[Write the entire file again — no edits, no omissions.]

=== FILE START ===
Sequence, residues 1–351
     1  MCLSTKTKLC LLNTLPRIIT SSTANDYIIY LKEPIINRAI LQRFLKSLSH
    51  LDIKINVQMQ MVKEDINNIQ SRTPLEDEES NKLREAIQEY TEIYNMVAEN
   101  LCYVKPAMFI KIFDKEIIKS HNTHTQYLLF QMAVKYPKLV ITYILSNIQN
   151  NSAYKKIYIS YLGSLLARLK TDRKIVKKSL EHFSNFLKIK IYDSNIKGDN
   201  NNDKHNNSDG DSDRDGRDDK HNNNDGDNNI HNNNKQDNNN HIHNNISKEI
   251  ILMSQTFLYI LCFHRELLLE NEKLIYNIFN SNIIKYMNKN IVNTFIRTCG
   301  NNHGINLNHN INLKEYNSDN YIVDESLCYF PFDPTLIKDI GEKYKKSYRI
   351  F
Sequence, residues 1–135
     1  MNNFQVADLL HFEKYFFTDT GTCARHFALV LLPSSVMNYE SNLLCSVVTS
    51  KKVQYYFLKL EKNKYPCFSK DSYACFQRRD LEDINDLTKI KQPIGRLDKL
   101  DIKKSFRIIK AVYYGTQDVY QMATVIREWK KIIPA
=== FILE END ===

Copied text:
Sequence, residues 1–351
     1  MCLSTKTKLC LLNTLPRIIT SSTANDYIIY LKEPIINRAI LQRFLKSLSH
    51  LDIKINVQMQ MVKEDINNIQ SRTPLEDEES NKLREAIQEY TEIYNMVAEN
   101  LCYVKPAMFI KIFDKEIIKS HNTHTQYLLF QMAVKYPKLV ITYILSNIQN
   151  NSAYKKIYIS YLGSLLARLK TDRKIVKKSL EHFSNFLKIK IYDSNIKGDN
   201  NNDKHNNSDG DSDRDGRDDK HNNNDGDNNI HNNNKQDNNN HIHNNISKEI
   251  ILMSQTFLYI LCFHRELLLE NEKLIYNIFN SNIIKYMNKN IVNTFIRTCG
   301  NNHGINLNHN INLKEYNSDN YIVDESLCYF PFDPTLIKDI GEKYKKSYRI
   351  F
Sequence, residues 1–135
     1  MNNFQVADLL HFEKYFFTDT GTCARHFALV LLPSSVMNYE SNLLCSVVTS
    51  KKVQYYFLKL EKNKYPCFSK DSYACFQRRD LEDINDLTKI KQPIGRLDKL
   101  DIKKSFRIIK AVYYGTQDVY QMATVIREWK KIIPA